The ignored privilege: Life

The “check your privilege” nonsense taking over college campuses ignores a couple obvious things.  One is that anyone attending college in the U.S. is pretty privileged to begin with.  They are the 1%, especially when you look around the world.

Another is that they were actually privileged enough to be born.  This post from a secular pro-life organization nails it.  Via Check Your Born Privilege:

Chances are, if you’ve been exposed to the writings and ideas of the modern progressive social justice movement, you’ve encountered the concept of privilege—a common term used to describe the favorable treatment of certain groups by society as held in contrast to the discrimination faced by other groups. Common examples given of privilege are white privilege, male privilege, Christian privilege, heterosexual privilege, cisgender privilege, able-bodied privilege and class privilege.

Members of privileged groups are reminded of their favored status and encouraged to “check their privilege” by comparing their experiences to the average experiences of members of oppressed groups and recognizing the social, political, and economic inequalities that exist in the lives of the latter. Towards this end, activists write up privilege checklists that outline specific examples of privilege for a certain privileged group. Privilege checklists have been written for almost every possible group of people—except for one group.

The unborn have been left behind by progressive social justice movement. They aren’t even considered to be people. In an attempt to raise awareness of this injustice I have compiled a checklist for born privilege—the privilege experienced by individuals who are already born.

  • No one tells your bereaved parents that they can always try again, that you weren’t a “real baby”, or that it was a good thing that you died because you probably were defective anyway.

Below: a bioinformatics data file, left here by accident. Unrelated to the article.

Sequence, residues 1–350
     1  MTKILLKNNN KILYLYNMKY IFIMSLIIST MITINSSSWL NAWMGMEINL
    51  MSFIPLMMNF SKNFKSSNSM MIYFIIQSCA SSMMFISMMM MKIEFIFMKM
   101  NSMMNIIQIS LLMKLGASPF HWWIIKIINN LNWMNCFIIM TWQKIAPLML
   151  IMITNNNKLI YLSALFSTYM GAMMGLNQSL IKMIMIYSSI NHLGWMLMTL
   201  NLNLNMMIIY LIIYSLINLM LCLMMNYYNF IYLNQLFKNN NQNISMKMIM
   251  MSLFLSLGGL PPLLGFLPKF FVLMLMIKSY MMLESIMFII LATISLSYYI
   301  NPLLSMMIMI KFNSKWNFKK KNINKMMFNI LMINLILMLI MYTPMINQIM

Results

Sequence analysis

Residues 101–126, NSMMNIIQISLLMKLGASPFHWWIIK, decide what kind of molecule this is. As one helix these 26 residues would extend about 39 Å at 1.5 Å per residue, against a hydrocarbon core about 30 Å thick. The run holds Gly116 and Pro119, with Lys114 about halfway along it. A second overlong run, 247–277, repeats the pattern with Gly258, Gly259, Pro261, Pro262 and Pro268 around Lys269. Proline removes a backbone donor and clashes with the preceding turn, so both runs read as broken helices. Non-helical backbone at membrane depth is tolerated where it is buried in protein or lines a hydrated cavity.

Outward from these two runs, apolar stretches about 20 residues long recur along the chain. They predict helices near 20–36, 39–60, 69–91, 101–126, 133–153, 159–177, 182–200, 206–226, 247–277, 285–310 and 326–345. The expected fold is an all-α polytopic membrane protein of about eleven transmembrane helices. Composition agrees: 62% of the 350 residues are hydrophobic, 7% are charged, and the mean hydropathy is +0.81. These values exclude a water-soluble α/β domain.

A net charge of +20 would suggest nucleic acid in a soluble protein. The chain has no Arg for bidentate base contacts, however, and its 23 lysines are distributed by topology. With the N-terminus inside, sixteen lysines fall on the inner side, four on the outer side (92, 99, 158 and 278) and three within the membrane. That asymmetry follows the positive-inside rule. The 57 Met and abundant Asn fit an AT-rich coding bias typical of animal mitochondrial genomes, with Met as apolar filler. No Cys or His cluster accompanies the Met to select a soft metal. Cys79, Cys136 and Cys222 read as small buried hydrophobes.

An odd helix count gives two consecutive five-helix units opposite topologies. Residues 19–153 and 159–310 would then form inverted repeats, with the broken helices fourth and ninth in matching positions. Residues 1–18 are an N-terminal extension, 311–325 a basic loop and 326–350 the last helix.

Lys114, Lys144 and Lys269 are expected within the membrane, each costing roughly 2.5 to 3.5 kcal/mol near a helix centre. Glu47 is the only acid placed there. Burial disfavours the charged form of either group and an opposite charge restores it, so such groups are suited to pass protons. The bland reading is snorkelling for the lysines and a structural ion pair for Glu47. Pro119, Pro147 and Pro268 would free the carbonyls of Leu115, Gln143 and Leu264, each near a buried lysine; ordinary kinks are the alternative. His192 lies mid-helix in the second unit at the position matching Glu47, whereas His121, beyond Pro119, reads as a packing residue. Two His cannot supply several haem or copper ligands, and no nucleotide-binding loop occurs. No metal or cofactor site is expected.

• Society doesn’t believe that ending your life is the best solution to the problems and challenges that you might face in the future.

  • The law doesn’t deny you personhood based on age, personal appearance, size, level of development, degree of dependency, or current temporary lack of consciousness.

  • The law protects your life, even if your mother wants to end it.

  • Society doesn’t try to justify killing you based on the hardships experienced by your mother. Instead, we try to help both you and your mother through your hardships.

  • People who fight for your basic, most fundamental right to live are almost universally supported and encouraged. No one accuses them of being religious theocrats who just want to force their beliefs on everyone else and who want to oppress women. (Note: This privilege is obviously not experienced by death row inmates.)

  • Your right to live is almost universally acknowledged and respected by everyone, regardless of religious beliefs or lack thereof. (Note: This privilege is obviously not experienced by death row inmates.)

  • There is not a dedicated movement of people who honestly believe that only through having the right to kill you, an innocent human being, can women achieve equality with men and be liberated from the bonds of patriarchal oppression.

  • No one denies that you are, in fact, a human being.

  • The UN and various NGOs do not suggest that the killing of people like you is an important and acceptable way to reduce world overpopulation.

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3 thoughts on “The ignored privilege: Life”

  1. I know this misses the point of the post, (which is an excellent one BTW) but I couldn’t help but to wonder as I read if indeed it is not a privilege to be the arbiter of what is privilege.

    Like

  2. I like the specific rebuttal to those who squeal about “privilege,” but always think that Ronald Reagan put it best: everyone who is pro-choice has already been born.

    Like

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